It’s only the second year of the University of Maine School of Law’s annual Justice for Women lectures, but the school is already attracting some of the world’s top names in that arena.
Last year, Unity Dow, the first woman to serve as a judge on Botswana’s High Court came to speak, and this year, Maine Law is welcoming Leymah Gbowee, an activist who won a 2011 Nobel Peace Prize for helping to end civil war in Liberia.
Gbowee’s talk will take place on March 20 at 7 p.m. at the Abromson Center at 88 Bedford St. in Portland. The event is free, but space is limited. To claim a seat, call 780-4344 or email firstname.lastname@example.org.
Here’s some more background on Gbowee as provided by the School of Law and its communications director, old friend Trevor Maxwell:
Gbowee led the Women of Liberia Mass Action for Peace, which brought together Christian and Muslim women in a nonviolent movement. Their efforts helped end the Liberian civil war in 2003 and also contributed to the election of the first female head of state in African history.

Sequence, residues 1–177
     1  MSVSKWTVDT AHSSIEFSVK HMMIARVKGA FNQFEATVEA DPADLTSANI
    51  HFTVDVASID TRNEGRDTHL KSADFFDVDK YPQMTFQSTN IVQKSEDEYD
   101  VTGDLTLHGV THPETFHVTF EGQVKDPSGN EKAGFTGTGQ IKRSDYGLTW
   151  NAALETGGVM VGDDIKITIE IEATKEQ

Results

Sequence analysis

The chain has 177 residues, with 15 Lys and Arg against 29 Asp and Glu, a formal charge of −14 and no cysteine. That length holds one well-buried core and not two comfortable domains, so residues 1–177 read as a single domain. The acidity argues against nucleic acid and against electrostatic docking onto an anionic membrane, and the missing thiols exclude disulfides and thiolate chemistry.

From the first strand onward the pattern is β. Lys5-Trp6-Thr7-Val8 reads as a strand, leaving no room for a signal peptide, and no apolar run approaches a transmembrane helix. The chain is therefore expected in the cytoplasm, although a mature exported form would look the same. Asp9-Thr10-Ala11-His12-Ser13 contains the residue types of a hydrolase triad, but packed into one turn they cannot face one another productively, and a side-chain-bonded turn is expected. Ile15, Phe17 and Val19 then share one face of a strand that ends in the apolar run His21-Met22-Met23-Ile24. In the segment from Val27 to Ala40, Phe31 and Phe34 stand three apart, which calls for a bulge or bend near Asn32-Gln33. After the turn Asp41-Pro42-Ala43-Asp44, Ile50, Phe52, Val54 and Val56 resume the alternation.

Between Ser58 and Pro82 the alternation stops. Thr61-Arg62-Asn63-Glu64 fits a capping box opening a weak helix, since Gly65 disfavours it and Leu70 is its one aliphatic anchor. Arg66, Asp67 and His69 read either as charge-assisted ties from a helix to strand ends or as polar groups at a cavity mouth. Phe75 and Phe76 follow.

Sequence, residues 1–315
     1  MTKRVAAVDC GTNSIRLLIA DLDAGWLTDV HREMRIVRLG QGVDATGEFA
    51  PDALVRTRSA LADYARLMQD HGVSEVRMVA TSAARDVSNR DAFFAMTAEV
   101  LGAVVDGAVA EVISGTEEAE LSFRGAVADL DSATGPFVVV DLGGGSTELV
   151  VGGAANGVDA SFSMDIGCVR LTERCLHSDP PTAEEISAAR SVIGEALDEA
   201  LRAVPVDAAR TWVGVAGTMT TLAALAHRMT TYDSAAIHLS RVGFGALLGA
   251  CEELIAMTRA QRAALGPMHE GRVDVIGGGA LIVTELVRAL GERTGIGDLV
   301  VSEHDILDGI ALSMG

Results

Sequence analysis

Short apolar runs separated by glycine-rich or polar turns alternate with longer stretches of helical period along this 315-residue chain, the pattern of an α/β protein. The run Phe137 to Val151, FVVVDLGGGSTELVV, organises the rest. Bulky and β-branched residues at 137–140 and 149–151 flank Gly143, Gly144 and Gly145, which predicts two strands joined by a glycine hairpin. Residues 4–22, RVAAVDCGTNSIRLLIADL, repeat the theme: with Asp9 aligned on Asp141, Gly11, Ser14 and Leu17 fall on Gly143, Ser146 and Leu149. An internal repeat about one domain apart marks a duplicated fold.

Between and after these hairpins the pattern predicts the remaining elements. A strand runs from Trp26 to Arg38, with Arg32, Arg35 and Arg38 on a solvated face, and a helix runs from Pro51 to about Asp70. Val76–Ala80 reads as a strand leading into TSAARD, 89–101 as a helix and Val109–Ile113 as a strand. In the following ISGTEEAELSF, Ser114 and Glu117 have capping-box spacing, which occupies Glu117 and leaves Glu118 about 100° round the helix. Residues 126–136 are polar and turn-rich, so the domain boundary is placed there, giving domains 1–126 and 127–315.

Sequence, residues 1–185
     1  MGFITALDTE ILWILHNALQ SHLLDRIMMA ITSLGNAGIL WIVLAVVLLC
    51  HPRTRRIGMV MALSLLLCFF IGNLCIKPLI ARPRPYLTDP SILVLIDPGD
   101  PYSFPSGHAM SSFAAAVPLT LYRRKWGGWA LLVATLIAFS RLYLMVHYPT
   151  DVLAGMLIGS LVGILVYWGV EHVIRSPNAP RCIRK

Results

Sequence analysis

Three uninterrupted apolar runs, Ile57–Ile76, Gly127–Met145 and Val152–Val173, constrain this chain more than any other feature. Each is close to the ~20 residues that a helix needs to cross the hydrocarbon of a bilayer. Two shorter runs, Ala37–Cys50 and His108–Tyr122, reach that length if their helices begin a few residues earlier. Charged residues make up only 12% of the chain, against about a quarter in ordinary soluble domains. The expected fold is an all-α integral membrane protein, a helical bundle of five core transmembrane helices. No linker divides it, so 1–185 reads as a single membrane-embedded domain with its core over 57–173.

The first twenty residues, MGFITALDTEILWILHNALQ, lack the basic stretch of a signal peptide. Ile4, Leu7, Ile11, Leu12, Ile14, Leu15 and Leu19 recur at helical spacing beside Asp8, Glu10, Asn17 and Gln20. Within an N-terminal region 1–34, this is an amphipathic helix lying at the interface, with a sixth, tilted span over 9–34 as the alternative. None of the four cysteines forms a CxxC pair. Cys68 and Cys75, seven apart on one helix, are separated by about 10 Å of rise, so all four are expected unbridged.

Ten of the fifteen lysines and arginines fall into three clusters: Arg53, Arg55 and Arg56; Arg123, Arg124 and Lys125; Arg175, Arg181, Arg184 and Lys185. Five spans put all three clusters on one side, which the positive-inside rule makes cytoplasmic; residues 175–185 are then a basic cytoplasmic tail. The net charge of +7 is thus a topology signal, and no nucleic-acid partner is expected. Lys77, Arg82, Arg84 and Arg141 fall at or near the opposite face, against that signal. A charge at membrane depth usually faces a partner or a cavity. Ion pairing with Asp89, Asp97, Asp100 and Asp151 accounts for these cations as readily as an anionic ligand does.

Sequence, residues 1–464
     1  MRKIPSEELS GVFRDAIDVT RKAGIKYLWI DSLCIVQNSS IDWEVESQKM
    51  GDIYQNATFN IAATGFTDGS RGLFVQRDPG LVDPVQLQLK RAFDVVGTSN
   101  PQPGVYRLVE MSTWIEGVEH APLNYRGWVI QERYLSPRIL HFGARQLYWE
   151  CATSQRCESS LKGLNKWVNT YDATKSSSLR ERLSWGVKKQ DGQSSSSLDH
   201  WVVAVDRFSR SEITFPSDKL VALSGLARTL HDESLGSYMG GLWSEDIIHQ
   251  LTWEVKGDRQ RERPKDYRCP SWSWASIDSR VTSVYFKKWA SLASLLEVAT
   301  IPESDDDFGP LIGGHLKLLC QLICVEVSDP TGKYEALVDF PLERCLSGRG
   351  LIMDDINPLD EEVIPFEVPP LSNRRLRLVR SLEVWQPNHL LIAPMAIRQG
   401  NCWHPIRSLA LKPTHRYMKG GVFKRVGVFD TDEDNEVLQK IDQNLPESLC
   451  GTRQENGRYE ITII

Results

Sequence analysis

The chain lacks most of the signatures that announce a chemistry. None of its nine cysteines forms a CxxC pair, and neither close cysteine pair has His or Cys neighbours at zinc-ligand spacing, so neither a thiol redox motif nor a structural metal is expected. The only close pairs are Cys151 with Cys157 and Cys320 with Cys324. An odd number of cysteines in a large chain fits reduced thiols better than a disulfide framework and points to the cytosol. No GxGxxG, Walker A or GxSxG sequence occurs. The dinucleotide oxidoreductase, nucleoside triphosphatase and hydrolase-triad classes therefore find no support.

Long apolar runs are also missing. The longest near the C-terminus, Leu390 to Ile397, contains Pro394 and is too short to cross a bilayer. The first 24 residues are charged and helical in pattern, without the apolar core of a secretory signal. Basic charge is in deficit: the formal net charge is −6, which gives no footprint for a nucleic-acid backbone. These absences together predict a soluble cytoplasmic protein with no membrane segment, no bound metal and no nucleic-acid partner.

Gbowee was awarded the 2011 Nobel Peace Prize, along with Liberian President Ellen Johnson Sirleaf and Tawakel Karman of Yemen. Among her many achievements, Gbowee is founder and president of the Gbowee Peace Foundation Africa, and co-founder and executive director of Women Peace and Security Network Africa. Her work is chronicled in her memoir, ‘Mighty Be Our Powers,’ and in the documentary film, ‘Pray the Devil Back to Hell.’